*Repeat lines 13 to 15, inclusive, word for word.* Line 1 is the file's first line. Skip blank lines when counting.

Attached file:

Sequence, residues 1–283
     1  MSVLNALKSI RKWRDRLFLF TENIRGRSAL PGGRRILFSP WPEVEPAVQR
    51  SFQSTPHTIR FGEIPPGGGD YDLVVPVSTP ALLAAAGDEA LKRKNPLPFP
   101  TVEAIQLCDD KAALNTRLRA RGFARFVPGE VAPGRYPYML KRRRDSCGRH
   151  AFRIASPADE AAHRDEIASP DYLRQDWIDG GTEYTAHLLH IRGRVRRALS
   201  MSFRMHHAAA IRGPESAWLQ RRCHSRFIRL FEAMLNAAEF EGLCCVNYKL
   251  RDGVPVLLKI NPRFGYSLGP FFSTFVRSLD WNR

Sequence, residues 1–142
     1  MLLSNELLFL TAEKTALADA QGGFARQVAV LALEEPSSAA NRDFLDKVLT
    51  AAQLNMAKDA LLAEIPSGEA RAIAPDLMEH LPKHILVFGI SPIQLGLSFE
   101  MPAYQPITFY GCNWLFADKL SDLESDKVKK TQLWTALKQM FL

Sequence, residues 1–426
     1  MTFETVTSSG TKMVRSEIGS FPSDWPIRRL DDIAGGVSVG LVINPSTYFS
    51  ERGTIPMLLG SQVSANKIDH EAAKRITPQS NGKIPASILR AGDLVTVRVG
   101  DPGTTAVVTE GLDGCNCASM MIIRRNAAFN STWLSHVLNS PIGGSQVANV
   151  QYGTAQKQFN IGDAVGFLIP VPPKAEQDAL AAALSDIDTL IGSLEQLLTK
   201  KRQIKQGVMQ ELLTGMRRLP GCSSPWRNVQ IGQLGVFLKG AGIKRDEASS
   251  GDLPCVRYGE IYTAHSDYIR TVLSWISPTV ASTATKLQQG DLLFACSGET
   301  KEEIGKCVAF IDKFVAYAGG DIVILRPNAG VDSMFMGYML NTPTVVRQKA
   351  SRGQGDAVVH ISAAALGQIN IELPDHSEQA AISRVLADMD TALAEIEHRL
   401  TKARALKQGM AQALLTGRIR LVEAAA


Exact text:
     1  MTFETVTSSG TKMVRSEIGS FPSDWPIRRL DDIAGGVSVG LVINPSTYFS
    51  ERGTIPMLLG SQVSANKIDH EAAKRITPQS NGKIPASILR AGDLVTVRVG
   101  DPGTTAVVTE GLDGCNCASM MIIRRNAAFN STWLSHVLNS PIGGSQVANV